Imagine, now, that it is ca. 3000 B.C. and you are sitting around a campfire on an early twilight evening as the twinkling stars emerge to splendored visibility in the sky. You chat amiably with family, friends and neighbors and/or "clan", and you view the broad expanse of stars above you in the night's starry sky, wondering where you are and why. Someone asks: "What is it all about, Alfie."

Consider then, this: if ancient humankind did "map" the stars of the heavens in the megalithic era as part of their belief system and as a part of trying to understand their existence on Planet Earth -- a surveyor-type mapping which also had a practical significance in terms of human orientation and movement geographically on the ground -- ala "Follow the Drinking Gourd" -- how would such a mapping have been done? How could it have been done? And how would such a mapping have been "recorded" so that it could be used in the future?

Let us see if we can figure some of it out, by looking at a modern star map of "midheaven", modernly marked by the stellar constellation Draco, the Dragon, a human "arrangement" of the midheaven stars that traces back more than 2000 years ago to Ptolemy (Claudius Ptolemaeus of Alexandria), his Almagest, and to Hipparchus, viewed by some as the discoverer of precession of the equinoxes.

Initially, for analytical reasons and because of marked environmental changes starting ca. 4250 B.C., we used a base construction date of 4320 B.C. for Avebury Henge. However, Avebury Henge is currently radiocarbon-dated by the archaeologists to ca. 3000 B.C., and that will most likely be right for the henge that we see now, based on what you read below. The Wikipedia informs us that:
"Aubrey Burl suggests dates of 3000 BC for the central cove, 2900 BC for the inner stone circle, 2600 BC for the outer circle and henge, and around 2400 BC for the avenues."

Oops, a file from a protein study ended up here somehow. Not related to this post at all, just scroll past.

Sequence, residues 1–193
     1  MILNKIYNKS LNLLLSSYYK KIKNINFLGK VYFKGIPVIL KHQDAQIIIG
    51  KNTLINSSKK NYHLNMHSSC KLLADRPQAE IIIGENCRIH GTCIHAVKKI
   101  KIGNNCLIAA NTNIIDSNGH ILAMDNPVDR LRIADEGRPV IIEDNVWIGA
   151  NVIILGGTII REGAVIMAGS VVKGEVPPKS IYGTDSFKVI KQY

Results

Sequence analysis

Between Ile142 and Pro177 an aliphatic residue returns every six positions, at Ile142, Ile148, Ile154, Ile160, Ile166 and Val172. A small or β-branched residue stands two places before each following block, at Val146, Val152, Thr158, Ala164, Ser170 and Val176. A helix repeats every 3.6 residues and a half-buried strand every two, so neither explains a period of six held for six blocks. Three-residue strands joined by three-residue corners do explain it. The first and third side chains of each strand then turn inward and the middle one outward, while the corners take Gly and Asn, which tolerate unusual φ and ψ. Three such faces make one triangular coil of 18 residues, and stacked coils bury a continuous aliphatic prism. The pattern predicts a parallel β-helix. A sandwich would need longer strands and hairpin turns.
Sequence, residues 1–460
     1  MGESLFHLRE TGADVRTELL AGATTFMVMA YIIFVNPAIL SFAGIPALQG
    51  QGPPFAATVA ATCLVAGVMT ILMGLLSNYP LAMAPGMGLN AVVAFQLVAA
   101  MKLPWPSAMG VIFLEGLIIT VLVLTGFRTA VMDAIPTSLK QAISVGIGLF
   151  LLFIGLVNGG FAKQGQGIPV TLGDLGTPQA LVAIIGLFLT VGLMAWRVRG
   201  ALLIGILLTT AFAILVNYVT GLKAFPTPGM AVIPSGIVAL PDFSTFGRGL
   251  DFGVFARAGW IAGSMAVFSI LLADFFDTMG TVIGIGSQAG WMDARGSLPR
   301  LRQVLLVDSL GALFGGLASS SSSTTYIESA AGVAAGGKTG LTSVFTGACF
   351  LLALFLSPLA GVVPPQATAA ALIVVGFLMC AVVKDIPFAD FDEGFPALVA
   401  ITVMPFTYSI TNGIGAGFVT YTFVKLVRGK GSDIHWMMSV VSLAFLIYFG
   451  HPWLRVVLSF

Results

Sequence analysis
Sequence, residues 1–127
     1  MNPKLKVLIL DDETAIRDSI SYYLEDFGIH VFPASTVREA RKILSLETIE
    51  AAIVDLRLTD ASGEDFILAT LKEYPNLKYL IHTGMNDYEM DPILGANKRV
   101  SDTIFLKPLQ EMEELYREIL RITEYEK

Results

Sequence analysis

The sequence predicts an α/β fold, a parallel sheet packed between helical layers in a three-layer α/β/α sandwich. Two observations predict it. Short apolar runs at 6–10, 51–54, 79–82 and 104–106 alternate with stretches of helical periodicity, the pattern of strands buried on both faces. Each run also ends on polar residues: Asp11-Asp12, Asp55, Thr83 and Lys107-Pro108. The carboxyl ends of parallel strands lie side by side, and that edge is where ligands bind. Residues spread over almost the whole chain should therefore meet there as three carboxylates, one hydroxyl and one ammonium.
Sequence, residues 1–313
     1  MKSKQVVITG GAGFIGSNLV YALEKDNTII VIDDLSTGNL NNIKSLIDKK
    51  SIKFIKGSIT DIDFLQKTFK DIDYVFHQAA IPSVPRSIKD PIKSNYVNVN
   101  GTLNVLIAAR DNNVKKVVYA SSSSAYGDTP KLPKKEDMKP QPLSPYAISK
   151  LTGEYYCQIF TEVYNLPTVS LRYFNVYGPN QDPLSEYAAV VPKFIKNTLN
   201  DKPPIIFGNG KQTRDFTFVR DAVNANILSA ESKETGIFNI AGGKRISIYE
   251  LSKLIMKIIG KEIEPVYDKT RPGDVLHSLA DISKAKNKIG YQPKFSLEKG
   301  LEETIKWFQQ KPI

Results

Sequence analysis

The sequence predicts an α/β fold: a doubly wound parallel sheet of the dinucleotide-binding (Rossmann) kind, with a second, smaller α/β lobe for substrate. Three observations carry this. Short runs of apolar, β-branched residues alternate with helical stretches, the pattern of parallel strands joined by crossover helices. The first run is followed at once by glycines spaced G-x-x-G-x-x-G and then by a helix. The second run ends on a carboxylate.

The central "Cove Stones" are of primal importance for understanding what Avebury Henge is all about -- astronomy, viz. a heaven-centered belief system. Did the Cove Stones initially focus on the stars of Midheaven, i.e. the stars at the North Ecliptic Pole, and also North Celestial Pole, an area of the sky which we currently identify as the constellation Draco? We hope to prove that here.

Via Starry Night Pro astronomy software, the images below present graphics of the stars of midheaven at Draco, for two different eras, in an area of sky that is marked by two "poles", the North Ecliptic Pole and the North Celestial Pole. Note the difference in the position of the North Celestial Pole between the first and second image, whereas the North Ecliptic Pole is fixed in the same position.

 The Stars of Midheaven ca. 4320 B.C.
 Click the graphic below to obtain the larger original size image

 The Stars of Midheaven ca. 3117 B.C.
 Click the graphic below to obtain the larger original size image


To repeat, the North Ecliptic Pole is fixed in its position in the sky, whereas the North Celestial Pole moves with time.

The traditional view is that the North Celestial Pole moves one degree every 72 years and sweeps a 360° circle in 25,920 years, measured against the background of the starry signs of the Zodiac, viz. 2160 years x 12. Those numbers are easily worked with, were used by the ancients, and that is why we prefer them.

The phenomenon of "pole movement" itself is called general precession viz. axial precession by astronomers and was historically called "precession of the Equinoxes" (Encyclopaedia Britannica, with a nice graphic image) the most familiar term to most academics. Precession was first arguably measured by Hipparchus (ca. 190 B.C. to 120 B.C.), but he surely relied for his knowledge in part on even older sources, though the question is then, which ones.